Lower St. Johns River and Lakes

Lower StJohns RiverBrevard, Flagler, Lake, Orange, Putnam, Seminole, St. Johns & Volusia Counties

Lower St. Johns River and Lakes: This one-hundred forty mile stretch of the St. Johns River flows north through, or is connected to, more than a half dozen natural lakes ranging from 380 acres to 40,000 acres in size (Little Lake George, Lake George, Lake Dexter, Stagger Mud Lake, Lake Beresford, Lake Monroe, Lake Jesup, Lake Harney, and Puzzle Lake).  Habitats are very varied.  The stretch between Puzzle Lake and Lake Harney is shallow with ample sandbars and wide, flat expanses of floodplain.  Lake Harney to Monroe is deeper with some small side channels and braiding as the river approaches Lake Monroe. The reach between Lake Monroe and Lake George has been channelized in some areas and lacks the sandbars.  It has numerous oxbows branching off the river.  The stretch above Lake George is more tidally influenced and has more marine species, with deeper waters and steeper shoreline drop-offs.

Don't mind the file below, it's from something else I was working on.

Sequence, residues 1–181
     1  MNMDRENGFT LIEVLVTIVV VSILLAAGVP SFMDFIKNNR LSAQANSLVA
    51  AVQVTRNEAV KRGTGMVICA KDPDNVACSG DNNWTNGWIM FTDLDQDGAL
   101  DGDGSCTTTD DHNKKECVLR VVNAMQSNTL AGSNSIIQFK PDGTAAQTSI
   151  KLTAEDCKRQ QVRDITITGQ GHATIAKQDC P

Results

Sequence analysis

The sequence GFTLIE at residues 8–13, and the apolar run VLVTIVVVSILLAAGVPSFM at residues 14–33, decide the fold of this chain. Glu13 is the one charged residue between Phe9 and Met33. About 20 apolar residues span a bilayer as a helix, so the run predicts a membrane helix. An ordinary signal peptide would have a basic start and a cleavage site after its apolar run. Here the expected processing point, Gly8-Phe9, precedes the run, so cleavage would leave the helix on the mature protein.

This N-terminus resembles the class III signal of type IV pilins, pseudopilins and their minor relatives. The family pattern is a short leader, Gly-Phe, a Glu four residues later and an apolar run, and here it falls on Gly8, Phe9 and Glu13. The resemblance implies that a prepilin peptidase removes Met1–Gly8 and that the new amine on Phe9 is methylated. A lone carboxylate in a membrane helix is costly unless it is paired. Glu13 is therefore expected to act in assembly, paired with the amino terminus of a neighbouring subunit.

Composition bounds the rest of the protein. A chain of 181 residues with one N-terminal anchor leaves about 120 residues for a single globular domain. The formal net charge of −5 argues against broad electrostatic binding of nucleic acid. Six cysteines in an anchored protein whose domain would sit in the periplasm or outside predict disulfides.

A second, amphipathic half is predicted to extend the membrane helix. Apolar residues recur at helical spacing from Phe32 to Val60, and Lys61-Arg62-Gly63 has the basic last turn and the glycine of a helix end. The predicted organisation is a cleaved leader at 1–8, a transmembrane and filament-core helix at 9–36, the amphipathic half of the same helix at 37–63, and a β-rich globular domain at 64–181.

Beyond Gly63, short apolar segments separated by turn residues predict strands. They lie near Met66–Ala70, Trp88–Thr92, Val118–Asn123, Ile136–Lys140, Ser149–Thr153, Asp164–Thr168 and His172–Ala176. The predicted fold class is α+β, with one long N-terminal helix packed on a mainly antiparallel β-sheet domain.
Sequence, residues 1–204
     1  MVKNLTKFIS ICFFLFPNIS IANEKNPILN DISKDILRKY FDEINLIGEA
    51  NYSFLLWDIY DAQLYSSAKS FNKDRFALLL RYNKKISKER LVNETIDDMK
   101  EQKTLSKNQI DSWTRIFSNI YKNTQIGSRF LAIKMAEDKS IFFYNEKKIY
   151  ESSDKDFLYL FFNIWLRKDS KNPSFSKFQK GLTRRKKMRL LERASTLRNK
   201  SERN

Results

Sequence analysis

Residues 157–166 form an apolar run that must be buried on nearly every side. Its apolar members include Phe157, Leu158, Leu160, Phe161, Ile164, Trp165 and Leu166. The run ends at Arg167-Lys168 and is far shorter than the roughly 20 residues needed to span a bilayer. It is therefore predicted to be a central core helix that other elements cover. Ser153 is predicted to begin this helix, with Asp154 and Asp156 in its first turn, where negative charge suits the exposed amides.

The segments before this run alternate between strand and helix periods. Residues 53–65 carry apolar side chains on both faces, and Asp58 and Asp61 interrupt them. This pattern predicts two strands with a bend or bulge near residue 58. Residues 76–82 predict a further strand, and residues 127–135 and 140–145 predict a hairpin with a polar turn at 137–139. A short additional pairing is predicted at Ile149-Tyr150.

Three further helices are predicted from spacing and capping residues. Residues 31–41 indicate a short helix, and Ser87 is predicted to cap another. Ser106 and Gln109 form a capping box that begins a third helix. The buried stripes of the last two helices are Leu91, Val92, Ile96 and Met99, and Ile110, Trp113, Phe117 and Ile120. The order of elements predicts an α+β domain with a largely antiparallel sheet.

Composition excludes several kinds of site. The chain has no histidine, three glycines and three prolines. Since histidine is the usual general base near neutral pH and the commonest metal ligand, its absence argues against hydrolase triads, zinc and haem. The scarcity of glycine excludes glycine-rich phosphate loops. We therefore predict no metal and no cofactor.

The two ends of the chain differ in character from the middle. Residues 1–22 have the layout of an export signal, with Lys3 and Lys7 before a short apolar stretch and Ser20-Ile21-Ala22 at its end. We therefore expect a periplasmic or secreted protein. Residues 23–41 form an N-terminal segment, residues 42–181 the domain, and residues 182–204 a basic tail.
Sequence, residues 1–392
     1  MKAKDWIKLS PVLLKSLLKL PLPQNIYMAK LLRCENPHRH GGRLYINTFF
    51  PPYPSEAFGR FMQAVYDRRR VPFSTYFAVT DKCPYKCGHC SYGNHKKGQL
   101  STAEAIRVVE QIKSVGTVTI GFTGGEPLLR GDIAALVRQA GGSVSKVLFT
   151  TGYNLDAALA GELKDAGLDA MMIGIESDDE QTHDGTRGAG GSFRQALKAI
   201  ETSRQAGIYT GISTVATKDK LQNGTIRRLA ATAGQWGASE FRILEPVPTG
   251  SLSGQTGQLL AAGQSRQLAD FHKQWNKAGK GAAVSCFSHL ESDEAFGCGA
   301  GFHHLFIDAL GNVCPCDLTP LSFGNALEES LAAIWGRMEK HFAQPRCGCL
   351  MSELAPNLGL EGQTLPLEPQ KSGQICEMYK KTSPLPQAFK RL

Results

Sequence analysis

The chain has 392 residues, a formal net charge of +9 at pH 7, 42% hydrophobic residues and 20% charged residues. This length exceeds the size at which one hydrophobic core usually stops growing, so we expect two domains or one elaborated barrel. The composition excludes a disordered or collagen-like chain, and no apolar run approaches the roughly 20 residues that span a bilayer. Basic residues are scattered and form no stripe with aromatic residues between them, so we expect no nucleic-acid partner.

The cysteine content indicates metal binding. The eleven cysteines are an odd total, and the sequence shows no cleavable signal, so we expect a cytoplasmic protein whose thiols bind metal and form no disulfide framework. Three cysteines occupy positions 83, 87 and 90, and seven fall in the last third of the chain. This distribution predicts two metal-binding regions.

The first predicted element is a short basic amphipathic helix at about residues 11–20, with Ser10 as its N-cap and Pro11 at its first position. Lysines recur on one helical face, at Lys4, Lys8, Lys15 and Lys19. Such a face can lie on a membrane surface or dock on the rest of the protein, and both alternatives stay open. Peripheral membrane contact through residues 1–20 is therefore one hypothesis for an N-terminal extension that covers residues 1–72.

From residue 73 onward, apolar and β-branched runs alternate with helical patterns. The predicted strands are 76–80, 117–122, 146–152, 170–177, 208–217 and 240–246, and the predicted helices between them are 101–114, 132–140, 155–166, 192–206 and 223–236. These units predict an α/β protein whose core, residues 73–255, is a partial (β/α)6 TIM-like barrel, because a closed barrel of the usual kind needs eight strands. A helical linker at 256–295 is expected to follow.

For listings of fish camps or for further information please contact our fisheries office in Ocala at 352-732-1225 or consult the Northeast Region Freshwater Fishing Guide icon_PDF.gif (1.2mb).

Fishhound External Website also offers a fishing forecast for St. Johns River External Website.

Current Forecast:

High temperatures  and the possibility of algal blooms throughout the summer will make fishing a bit of a challenge.  Largemouth bass should continue to be caught following the schools of baitfish present in the river.  Anglers should plan on being out early as recreational boating reaches its peak during this time of year making many areas of the river difficult to fish even in the late evening.  Bream fishing on the river will likely remain popular during the summer.  Striped bass and sunshine bass seek cool water in the summer and should be congregating near the mouth of Blue Springs, the Wekiva River, the Croaker Hole in Little Lake George, and at other thermal refuges in the river.  The recent stockings of sunshine bass have provided much more success for anglers in recent months.  Grass shrimp, small shad and eels (when available) are the preferred baits for these fish.

 



FWC Facts:
Snook can adapt to sudden changes in salinity with the help of chloride cells within their gills.

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